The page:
Next race: Singapore Grand Prix, September 24-26.

10 thoughts to “Alonso takes dream victory at Monza”

  1. Fernando Alonso described his Italian Grand Prix victory as a massive motivational boost for the Ferrari team coming into the championship-deciding rounds – but warned that the squad now needed to find some consistency.

    A fortnight after crashing out at Spa following a disastrous race, Alonso took pole in Italy then won after overcoming early leader Jenson Button in the pitstops.

    “I think this result gives you some extra confidence and good motivation for the whole team,” said Alonso. “We’ll keep working hard and try not to give up – one race or bad race can change the points a lot in the championship.

    “This was a good weekend, Spa was a bad weekend – we need to find consistency in the last five races. That will be the key – this result is good motivation for all of us, but in the remaining five races it is really the important races and the good points.

    “So we need to enjoy tonight, enjoy these next two days and we’ll be in Maranello Monday and Tuesday to say thanks for the whole team, and championship-wise there is time to think later on.”

    Alonso had to follow Button for the first 36 laps of the race after losing the lead at the start. He ran one lap further before pitting and snatched the lead – which he said the Ferrari pit crew deserved most of the credit for.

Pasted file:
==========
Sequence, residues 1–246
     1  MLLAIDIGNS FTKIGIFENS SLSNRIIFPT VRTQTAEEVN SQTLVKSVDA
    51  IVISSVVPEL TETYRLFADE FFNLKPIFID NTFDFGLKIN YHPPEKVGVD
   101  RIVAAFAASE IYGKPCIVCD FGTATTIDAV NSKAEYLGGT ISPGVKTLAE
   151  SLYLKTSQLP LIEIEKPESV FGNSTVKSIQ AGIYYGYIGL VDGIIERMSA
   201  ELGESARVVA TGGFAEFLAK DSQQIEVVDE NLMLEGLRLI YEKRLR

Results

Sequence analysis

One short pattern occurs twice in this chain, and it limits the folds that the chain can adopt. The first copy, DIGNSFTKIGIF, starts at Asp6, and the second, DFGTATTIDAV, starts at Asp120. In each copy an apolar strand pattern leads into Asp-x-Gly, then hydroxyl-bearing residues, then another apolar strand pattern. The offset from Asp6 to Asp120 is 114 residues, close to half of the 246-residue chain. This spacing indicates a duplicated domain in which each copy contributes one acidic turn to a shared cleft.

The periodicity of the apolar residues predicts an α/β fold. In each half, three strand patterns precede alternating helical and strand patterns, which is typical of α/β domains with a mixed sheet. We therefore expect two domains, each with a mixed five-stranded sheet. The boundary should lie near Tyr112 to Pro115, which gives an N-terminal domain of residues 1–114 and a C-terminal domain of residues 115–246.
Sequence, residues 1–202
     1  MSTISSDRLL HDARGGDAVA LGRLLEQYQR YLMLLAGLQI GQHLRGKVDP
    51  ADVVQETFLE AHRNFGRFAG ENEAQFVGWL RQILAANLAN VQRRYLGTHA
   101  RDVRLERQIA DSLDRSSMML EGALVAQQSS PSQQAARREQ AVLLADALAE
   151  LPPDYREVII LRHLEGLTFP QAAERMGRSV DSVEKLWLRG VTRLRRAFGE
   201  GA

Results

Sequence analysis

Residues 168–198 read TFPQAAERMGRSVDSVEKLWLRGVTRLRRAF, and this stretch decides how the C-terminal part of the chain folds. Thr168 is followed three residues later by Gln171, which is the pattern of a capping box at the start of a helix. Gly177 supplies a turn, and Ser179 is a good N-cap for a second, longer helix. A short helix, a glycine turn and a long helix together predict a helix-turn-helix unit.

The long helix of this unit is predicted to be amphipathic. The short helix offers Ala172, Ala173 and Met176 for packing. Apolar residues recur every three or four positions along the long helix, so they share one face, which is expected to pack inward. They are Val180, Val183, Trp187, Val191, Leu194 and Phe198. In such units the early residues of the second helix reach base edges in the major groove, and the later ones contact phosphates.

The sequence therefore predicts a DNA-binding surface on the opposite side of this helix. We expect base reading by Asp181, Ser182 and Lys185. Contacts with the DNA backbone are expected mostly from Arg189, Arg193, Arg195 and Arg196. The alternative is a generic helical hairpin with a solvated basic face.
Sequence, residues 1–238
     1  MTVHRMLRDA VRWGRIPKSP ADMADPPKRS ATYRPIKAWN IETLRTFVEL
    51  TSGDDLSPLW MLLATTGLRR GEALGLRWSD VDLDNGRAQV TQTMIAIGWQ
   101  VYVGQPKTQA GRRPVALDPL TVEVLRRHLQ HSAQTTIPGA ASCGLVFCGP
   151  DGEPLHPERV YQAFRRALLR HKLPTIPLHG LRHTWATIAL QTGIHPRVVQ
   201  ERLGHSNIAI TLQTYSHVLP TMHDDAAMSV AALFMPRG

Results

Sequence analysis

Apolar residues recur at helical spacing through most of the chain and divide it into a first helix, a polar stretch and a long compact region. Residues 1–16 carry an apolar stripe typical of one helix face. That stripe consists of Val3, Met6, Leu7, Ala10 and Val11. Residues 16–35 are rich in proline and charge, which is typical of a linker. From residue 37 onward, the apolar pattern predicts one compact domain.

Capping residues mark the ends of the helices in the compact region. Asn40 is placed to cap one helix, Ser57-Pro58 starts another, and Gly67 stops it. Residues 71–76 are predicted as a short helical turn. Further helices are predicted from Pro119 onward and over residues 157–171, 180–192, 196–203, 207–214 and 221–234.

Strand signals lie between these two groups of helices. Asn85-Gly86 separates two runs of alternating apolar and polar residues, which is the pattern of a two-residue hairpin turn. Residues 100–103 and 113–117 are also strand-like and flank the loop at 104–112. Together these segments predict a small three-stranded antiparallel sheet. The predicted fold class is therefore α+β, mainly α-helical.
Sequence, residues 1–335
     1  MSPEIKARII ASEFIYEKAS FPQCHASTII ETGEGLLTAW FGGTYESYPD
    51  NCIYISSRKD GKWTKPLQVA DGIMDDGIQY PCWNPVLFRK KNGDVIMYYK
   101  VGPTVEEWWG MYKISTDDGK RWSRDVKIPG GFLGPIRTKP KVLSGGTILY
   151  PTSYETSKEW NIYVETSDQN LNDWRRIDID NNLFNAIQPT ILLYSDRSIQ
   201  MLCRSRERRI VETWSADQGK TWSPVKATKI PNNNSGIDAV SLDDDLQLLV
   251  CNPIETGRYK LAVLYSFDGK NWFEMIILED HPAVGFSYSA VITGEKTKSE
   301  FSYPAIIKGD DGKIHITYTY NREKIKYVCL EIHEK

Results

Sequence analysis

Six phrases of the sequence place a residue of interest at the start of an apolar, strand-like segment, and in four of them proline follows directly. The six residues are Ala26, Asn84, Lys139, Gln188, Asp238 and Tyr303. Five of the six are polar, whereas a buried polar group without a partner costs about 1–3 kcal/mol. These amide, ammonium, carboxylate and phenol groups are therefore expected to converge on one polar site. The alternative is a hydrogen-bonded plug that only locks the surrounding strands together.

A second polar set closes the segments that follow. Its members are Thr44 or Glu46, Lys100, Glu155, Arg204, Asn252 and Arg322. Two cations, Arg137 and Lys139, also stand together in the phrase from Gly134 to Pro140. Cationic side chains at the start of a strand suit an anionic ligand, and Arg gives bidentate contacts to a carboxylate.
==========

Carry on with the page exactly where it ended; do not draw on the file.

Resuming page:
“We were thinking at the time of the possibility of coming in. The possibilities were to come in one lap later or one lap earlier,” said Alonso. “We had to find the right choice at the right moment.

    “When we saw Jenson coming in, there was one lap to push and rely on the mechanics. I think the lap was more or less okay, nothing special, but the pitstop was superb.”

    He also admitted that winning Ferrari’s home race in his first year with the team was a hugely emotional experience.

    “It’s something I can only compare with winning my home grand prix at Barcelona in 2006,” Alonso said. “It was a very special moment, and this one is a very special moment as well. It’s a fantastic feeling.”


  2. Despite making a great start, Jenson Button had to settle with second after losing out to race winner Fernando Alonso in the all-important pitstop. Read the full story as taken from

    Jenson Button hailed his second place at the Italian Grand Prix as a great result despite losing out to Fernando Alonso in the race.

    Button, starting from second position, took the lead of the race at the start and led until he made his first and only pitstop.

    Alonso pitted a lap later and rejoined right in front of Button, who could do nothing to stop the Spaniard from winning the race.

    The result, however, was a good boost for Button’s championship charge, as he finished ahead of Mark Webber and Lewis Hamilton retired.

    “We had a good weekend and to come away with second is a great result,” said Button, now 22 points behind Webber in the standings. “We wanted some points, for all three of us here, and we have done well for our championship hopes heading out of Europe.”